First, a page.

The Channel logo

News

By | Kelly Fiveash 26th March 2009 12:25

Lenovo splits to cover domestic, emerging markets

Pins hopes on China

Lenovo has divided its business into new units to allow China’s largest computer vendor to slice and dice its products for developed countries and emerging markets.

The firm said in a statement yesterday that it made the internal rejig to replace its current regional breakdown to allow Lenovo’s two new divisions to pitch products at different target markets.

Lenovo - like many of its rivals in the PC manufacturing game - has seen sales drop as the recession continues to bite.

The latest shake-up at the Beijing-based firm comes just a month after Liu Chuanzhi was reinstated as Lenovo’s chairman after the company saw third quarter sales slip more than 20 per cent to $3.6bn. In January Yang Yuanqing replaced William Amelio as CEO.

Effectively, Lenovo’s latest reshuffle underlines its clear intention to batten down the hatches and concentrate on emerging countries and its own domestic market where the company is being handed government subsidies for computer purchases in rural areas, according to Bloomberg.

Last month the computer maker commenced with around 550 job cuts across Europe, after its latest earnings showed shipment numbers had dropped faster than the industry average in every market except China. ®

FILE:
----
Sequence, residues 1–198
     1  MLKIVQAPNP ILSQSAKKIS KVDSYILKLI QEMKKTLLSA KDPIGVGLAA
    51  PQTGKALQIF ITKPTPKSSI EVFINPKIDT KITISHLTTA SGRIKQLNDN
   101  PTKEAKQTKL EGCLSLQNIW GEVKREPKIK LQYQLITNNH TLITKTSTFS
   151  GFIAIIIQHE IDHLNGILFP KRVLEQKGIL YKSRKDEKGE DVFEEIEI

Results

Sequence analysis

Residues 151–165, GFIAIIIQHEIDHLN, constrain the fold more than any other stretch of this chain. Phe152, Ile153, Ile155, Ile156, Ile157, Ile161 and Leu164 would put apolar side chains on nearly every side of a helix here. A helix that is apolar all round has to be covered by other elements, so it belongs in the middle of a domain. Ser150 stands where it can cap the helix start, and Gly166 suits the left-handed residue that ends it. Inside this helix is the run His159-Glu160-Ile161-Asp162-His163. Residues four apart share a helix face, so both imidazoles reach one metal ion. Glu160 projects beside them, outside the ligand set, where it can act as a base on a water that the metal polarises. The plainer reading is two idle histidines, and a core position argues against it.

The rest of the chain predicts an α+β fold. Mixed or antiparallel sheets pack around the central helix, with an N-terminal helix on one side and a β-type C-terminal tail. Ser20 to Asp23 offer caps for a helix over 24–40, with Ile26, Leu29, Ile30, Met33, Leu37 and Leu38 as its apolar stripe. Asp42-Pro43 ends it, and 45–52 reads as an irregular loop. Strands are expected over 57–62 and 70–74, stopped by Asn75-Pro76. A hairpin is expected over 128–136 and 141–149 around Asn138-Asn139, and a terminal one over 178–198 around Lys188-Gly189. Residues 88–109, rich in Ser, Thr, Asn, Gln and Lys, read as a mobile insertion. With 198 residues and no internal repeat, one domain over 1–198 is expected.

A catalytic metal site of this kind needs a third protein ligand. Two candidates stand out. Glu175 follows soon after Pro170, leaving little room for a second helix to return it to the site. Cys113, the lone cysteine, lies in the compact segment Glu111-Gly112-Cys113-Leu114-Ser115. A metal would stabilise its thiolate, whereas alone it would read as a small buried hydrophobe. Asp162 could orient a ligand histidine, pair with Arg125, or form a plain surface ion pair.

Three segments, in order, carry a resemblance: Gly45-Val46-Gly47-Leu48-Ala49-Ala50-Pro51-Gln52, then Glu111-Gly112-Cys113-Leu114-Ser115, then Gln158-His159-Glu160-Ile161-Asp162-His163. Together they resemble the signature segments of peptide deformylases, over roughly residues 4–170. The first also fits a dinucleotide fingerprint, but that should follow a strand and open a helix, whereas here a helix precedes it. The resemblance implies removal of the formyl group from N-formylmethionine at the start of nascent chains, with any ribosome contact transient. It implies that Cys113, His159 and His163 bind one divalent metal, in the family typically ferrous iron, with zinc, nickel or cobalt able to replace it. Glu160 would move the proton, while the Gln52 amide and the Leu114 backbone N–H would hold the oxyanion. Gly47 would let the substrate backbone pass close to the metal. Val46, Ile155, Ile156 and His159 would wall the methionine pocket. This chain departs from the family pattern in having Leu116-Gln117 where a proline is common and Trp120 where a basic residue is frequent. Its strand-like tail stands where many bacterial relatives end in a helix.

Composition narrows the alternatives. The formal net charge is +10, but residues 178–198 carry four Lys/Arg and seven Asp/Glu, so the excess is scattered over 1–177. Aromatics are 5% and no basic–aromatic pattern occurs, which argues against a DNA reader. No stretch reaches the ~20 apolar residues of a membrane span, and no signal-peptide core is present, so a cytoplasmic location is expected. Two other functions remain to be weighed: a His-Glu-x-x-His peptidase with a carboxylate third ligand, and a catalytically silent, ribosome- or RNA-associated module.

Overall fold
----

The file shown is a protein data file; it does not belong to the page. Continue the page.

comment icon Read 2 comments on this article alert Send corrections

Opinion

Privacy image

Frank Jennings

Two working parties, ministers galore... but data transfer law remains in limbo
EMC_Unity_bezel

Chris Evans

It does simplify the hardware setup, whatever it is
A microscopic view of the biometric shark skin. Pic: James Weaver

Chris Mellor

Do something and stop faffing about in the bush league

Kat Hall

International system in general needs greater transparency

Features

Nerd fail photo via Shutterstock
Shouting match
Single market vs. rest of the world
hacker
Mostly it's financial crime. Here's what all the cool kids' terms mean in English
Apple logo. Pic: Blake Patterson
Plenty of bumps in the 40-year road for Mac makers